Reasons for Leave
Under the Act, leave may be taken under any of five broadly-defined qualifying reasons, which includes the diagnosis, care, treatment or recovery related to the employee’s own illness or a family member’s illness. The term “family member” is defined more broadly under the Act than under the NJFLA and includes grandchildren, siblings, grandparents, a domestic partner, a civil union partner, spouse, or someone “whose close association with the employee is the equivalent of a family relationship.”
Like the NJ SAFE Act, the Act allows employees to take leave for absences resulting from the employee or a family member being a victim of domestic or sexual violence, such as absences for medical attention, services from a designated domestic violence agency or other victim services organization, psychological or other counseling, legal services or relocation. Though the NJ SAFE Act offers leave (but not pay) under similar circumstances, under the NJ SAFE Act, only employees who have worked 1,000 hours in the preceding 12 months are eligible for leave. The Act does not have an hours-worked requirement. The Act also authorizes leave for public health emergencies and attendance at school-related conferences, meetings or events, or other meetings regarding care for the employee’s child, neither of which are covered by any other New Jersey leave law.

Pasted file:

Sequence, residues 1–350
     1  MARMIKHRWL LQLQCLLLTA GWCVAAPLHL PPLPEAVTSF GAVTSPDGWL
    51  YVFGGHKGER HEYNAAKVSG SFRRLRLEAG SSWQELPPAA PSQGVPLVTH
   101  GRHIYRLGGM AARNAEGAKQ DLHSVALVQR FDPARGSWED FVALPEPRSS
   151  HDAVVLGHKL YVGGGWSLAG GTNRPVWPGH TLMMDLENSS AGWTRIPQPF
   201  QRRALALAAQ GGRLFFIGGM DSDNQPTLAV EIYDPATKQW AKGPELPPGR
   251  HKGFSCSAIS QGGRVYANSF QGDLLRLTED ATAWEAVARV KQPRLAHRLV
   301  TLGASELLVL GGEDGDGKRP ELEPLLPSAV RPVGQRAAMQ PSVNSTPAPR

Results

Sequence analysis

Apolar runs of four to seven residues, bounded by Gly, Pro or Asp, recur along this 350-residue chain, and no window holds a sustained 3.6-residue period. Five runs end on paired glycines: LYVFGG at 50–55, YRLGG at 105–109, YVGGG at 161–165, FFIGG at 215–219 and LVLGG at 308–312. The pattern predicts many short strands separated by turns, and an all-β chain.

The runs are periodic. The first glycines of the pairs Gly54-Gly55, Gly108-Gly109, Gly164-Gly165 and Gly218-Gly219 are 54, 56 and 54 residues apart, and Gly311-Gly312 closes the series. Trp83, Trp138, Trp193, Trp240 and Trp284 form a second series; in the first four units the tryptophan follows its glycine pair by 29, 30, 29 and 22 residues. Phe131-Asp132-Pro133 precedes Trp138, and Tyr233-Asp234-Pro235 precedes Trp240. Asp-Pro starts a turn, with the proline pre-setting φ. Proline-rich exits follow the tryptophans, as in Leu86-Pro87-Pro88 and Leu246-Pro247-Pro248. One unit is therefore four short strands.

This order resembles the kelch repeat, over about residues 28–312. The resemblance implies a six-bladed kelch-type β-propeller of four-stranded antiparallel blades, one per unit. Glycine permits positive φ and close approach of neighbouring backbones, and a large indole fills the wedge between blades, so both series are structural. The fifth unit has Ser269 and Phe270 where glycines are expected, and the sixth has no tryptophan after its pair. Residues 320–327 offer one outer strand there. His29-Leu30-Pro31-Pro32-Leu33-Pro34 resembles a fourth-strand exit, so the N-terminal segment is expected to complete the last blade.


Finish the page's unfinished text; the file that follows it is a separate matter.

Amount of Leave, Carry Over, Increments, Notice by Employee, and Documentation
The Act gives employers two options for providing paid sick leave. The accrual method requires that employees accrue one hour of earned sick leave for every 30 hours worked. With the annual method, an employer can provide employees with the “full complement” of earned sick leave on the first date of the benefit year, which is defined by the employer. In either case, the employer can limit accrual, use, and carry over of earned sick leave to 40 hours.